The study also suggests that their “can do” beliefs achieve this effect by improving self-care practices, such as blood sugar testing and adherence to diet and exercise regimens.
Previous researchers have investigated the relationship between various psychosocial factors and diabetic control, or between self-care and diabetic control, among individuals with Type I (insulin-dependent) diabetes, notes lead author Catharine H. Johnston-Brooks, Ph.D. of the Denver Veterans Affairs Medical Center. This study, however, is the first to demonstrate the relationship between the belief in one’s capabilities of adhering to a diet and exercise regimen -- what psychologists and sociologists call self-efficacy -- and blood sugar control.
In addition, the present study lends credence to the commonly accepted hypothesis that the belief in one’s ability to adhere to a diabetes regimen improves self-care, which in turn is associated with better blood sugar control.
Johnston-Brooks and her colleagues followed 88 young adults at a diabetes treatment center in Denver for one year. All were 18 to 35 years old and under treatment for diabetes for at least one year. Self-efficacy and quality of self-care were measured at the study’s beginning with self-administered questionnaires. Blood sugar control was assessed by measuring blood levels of HbA1c, an indicator of blood sugar levels over the previous three months, at the study’s beginning and at three-month intervals during the following year.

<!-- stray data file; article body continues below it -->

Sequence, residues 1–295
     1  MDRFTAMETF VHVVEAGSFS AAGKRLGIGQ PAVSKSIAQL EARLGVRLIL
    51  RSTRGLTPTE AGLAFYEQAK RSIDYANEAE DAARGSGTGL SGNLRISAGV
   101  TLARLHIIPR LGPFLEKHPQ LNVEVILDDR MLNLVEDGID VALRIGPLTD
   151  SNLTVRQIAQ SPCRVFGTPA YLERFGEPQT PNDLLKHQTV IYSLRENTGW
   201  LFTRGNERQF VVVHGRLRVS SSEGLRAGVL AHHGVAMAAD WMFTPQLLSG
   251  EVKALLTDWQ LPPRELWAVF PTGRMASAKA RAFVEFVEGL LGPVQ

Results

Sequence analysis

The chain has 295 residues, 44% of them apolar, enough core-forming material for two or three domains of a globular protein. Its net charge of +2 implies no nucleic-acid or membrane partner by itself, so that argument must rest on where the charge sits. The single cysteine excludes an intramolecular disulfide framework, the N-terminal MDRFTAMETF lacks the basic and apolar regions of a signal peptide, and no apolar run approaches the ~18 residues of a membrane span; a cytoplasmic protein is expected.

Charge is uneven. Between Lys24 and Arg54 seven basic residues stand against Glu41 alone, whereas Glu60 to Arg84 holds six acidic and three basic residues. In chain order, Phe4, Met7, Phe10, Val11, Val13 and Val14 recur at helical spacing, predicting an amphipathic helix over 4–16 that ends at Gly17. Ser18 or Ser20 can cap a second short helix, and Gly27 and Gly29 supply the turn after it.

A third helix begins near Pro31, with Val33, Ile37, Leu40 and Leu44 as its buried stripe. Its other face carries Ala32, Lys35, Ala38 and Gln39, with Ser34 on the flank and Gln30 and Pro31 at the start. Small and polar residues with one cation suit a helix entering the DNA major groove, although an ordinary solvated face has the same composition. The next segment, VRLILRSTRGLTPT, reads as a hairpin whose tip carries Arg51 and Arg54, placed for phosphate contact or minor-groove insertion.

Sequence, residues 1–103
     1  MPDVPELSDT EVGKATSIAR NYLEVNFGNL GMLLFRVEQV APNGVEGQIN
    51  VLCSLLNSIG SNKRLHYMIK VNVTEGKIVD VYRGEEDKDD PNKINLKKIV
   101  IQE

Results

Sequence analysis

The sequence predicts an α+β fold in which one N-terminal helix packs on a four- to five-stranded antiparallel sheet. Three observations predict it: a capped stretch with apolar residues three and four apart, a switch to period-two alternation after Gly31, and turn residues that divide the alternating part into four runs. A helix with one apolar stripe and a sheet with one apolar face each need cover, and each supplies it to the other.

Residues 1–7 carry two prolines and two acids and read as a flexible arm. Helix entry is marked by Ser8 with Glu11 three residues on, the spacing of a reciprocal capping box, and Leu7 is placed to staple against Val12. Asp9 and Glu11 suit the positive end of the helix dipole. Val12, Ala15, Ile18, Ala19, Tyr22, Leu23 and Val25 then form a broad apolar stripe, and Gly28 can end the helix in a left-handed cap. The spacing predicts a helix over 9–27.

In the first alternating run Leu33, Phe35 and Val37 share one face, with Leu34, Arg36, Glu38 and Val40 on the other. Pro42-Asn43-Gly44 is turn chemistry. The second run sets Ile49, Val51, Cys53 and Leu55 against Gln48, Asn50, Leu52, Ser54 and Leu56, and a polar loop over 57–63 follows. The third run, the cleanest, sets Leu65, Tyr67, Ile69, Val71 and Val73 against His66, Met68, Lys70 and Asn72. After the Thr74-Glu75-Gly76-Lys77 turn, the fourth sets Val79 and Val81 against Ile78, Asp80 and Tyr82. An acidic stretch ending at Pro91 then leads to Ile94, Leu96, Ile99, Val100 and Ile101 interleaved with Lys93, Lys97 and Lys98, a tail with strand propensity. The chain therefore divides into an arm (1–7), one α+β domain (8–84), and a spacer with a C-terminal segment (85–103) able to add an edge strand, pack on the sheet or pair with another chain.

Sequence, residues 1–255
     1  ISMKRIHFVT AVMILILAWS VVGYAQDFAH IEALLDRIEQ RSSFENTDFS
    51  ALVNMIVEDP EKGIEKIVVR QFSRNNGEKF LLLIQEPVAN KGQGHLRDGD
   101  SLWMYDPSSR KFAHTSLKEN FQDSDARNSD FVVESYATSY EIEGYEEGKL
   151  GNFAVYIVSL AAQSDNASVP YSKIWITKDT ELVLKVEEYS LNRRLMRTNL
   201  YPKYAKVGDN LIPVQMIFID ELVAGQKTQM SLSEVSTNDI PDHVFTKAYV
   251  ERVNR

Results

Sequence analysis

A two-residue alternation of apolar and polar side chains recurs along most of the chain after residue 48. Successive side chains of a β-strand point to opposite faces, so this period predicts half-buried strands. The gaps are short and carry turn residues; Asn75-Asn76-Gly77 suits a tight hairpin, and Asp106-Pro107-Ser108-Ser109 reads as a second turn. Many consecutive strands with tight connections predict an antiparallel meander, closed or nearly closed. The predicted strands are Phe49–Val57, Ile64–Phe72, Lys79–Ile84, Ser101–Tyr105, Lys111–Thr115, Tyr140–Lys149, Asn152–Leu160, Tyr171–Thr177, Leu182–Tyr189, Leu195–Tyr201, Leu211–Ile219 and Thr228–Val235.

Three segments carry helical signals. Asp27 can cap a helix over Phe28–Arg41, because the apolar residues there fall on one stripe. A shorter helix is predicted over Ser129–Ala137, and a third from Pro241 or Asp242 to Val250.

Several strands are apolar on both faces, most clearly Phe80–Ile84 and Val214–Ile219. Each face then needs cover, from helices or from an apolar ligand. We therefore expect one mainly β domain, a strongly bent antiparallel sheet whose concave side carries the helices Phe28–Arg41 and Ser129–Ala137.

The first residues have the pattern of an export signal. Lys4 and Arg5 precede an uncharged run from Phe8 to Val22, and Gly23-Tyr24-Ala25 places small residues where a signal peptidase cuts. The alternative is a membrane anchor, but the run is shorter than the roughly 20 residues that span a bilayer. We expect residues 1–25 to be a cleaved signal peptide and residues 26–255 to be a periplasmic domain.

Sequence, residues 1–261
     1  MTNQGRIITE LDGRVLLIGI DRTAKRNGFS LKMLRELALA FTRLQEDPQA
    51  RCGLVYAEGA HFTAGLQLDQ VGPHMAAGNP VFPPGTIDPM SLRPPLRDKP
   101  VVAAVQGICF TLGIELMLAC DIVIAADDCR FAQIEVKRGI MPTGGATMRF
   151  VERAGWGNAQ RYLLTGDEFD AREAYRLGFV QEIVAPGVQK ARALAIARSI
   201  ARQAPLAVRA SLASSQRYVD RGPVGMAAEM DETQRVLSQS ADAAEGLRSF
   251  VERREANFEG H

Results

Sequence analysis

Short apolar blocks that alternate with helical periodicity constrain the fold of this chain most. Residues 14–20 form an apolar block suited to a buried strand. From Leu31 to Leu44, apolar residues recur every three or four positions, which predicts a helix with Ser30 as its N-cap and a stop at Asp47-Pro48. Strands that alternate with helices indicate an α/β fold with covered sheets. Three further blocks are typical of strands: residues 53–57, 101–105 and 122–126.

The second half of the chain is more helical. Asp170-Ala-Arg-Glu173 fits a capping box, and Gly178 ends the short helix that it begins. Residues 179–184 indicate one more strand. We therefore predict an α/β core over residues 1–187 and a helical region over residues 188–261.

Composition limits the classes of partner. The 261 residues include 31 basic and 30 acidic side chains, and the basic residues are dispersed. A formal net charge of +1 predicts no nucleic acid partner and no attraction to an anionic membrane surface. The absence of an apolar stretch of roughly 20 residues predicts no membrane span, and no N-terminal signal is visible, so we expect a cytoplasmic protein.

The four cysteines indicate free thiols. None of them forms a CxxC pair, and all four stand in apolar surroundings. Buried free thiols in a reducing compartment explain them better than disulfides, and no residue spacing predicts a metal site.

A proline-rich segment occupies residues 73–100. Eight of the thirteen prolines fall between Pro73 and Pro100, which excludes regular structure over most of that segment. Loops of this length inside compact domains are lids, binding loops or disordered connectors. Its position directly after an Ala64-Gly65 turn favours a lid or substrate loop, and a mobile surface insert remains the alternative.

The results reveal that young adults with high self-efficacy tend to have the best blood sugar control and the best adherence to their self-care regimens, both in the short and long term. Moreover, Johnston-Brooks notes, they are consistent with a growing body of evidence that “beliefs are strong predictors of behavior” and, therefore, clinical outcomes.
The researchers’ findings, Johnston-Brooks observes, give health care practitioners tools and insights that can be used to help young adults with Type I diabetes. They suggest that an easily administered assessment of self-efficacy -- in conjunction with more traditional tools -- can be used to help predict how well blood sugar will be managed over time. In addition, they indicate that “teaching self-care behaviors will have a greater positive impact on [blood sugar control] when combined with interventions aimed at improving self-efficacy,” Johnston-Brooks notes.
The study was funded by grants from the University of Colorado’s Council on Research and Creative Works.
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